Difference between knowing what to do and what salespeople can Execute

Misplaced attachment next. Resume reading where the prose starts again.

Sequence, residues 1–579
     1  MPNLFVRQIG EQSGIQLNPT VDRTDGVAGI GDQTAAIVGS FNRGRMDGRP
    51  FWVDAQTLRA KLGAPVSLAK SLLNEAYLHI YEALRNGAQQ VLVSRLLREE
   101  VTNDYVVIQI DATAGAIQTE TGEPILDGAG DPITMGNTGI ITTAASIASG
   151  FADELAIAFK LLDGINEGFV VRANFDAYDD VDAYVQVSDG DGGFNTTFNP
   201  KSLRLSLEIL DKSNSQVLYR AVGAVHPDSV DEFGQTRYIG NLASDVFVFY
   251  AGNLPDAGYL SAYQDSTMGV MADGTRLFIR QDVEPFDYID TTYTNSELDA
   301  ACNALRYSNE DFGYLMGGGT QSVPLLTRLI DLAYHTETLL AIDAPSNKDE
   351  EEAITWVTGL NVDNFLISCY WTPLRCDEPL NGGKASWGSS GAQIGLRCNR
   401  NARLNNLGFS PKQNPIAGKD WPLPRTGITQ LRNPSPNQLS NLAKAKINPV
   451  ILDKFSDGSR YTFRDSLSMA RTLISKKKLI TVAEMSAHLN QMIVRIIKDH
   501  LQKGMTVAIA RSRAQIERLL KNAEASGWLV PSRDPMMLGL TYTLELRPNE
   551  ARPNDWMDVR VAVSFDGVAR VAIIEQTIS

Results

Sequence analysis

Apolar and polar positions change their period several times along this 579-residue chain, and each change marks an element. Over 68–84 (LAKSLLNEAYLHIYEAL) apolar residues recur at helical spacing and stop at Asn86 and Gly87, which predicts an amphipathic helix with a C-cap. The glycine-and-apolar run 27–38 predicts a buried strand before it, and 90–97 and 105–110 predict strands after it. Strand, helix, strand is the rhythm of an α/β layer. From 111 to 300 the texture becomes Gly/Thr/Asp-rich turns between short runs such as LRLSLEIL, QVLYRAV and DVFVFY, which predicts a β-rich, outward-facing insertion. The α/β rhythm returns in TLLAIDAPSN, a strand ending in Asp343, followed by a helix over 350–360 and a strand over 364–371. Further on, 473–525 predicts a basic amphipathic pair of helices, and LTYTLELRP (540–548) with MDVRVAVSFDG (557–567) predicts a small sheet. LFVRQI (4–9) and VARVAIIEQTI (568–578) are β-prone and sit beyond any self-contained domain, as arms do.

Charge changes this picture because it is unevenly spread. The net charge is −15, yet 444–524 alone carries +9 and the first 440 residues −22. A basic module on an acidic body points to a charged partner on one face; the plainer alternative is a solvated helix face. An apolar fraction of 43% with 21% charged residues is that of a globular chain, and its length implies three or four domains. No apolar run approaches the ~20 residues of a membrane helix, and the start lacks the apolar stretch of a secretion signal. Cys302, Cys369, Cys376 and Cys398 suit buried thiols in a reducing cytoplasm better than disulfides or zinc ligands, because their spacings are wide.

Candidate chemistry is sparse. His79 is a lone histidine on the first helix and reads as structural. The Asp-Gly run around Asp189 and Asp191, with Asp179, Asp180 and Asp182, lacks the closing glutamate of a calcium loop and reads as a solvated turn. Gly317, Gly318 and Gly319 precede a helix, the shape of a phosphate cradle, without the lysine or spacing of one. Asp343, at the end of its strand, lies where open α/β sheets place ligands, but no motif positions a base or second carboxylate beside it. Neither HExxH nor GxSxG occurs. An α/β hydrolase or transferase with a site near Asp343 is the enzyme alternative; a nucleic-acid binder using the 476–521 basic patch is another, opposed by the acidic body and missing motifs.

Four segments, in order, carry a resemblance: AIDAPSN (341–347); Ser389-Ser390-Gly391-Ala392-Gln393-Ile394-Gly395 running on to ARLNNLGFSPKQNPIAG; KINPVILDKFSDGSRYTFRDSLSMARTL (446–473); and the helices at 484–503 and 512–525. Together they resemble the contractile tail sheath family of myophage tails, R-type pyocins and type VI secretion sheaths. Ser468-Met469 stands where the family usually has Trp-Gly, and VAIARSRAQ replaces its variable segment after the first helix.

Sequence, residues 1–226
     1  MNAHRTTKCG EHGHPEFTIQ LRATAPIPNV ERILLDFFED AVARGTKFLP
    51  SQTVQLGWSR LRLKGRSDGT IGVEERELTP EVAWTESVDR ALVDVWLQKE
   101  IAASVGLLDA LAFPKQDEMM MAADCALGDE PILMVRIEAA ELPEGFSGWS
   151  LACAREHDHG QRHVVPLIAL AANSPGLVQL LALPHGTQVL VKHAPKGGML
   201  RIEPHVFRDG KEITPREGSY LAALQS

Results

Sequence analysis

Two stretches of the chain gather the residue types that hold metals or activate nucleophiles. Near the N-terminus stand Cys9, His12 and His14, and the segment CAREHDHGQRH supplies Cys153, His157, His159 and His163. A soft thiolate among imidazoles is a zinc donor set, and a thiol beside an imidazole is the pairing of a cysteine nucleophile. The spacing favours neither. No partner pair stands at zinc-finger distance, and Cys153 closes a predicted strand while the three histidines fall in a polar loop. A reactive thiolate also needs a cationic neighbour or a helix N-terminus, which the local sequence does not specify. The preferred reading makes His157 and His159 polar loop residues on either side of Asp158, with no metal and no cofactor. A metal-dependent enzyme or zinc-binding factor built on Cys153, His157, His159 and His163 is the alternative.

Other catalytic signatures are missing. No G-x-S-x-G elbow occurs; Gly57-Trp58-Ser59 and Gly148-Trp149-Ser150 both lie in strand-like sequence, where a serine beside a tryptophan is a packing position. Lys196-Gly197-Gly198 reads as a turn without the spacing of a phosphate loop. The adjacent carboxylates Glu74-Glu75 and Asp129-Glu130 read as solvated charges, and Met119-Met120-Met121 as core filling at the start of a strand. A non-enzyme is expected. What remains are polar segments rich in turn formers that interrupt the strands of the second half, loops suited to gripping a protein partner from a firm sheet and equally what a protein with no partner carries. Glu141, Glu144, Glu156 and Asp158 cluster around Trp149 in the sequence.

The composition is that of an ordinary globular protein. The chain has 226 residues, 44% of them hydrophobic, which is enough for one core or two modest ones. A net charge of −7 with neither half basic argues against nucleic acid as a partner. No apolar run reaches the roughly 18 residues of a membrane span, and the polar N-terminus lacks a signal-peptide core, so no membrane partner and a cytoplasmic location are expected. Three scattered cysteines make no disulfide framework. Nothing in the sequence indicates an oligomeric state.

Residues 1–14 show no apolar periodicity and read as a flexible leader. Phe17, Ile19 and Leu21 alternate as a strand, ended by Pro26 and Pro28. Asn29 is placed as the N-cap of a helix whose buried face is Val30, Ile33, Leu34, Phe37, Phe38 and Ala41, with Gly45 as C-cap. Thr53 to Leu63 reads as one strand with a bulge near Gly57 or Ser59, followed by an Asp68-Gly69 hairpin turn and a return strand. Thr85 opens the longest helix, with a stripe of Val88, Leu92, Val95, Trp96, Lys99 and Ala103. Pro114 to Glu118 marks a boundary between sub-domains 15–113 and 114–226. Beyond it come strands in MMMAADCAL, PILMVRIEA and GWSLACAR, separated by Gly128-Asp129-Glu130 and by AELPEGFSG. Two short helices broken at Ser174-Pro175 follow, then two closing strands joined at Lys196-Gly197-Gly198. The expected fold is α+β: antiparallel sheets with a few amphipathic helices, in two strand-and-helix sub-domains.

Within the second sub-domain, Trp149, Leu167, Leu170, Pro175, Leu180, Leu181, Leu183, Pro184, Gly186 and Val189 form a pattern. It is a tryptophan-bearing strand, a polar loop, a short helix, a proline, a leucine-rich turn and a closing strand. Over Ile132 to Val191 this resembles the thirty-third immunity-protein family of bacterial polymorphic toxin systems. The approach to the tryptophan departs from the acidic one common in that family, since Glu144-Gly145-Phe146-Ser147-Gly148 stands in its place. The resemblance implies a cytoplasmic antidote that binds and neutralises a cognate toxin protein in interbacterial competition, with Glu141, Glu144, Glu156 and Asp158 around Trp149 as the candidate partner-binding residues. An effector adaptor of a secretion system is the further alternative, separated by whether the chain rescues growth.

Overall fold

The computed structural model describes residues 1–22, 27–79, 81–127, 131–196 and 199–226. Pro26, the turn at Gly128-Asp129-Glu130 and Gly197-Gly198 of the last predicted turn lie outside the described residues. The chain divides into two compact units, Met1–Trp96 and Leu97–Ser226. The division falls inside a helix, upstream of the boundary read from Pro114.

It is intuitively obvious that there is a difference between knowing what needs to be done or said and what a person can actually execute under the pressure of a sales call. Any sales manager has experienced the maddening effect of salespeople who “know better” continually fail at certain aspects of the sales process. The reason this occurs is that knowing what to say is an intellectual exercise, but execution involves emotions or what we call self-limiting beliefs. The easy example is discussing money. A salesperson may “know” that it is important to talk about the budget on a sales call and will do so flawlessly in a role-play situation. However, if he believes that it is impolite to talk about money and he further believes that the prospect won’t tell him what he wants to spend, then he will be ineffective in the field around the discovering budget. To be an effective sales manager you must know what self-limiting beliefs your salespeople possess.

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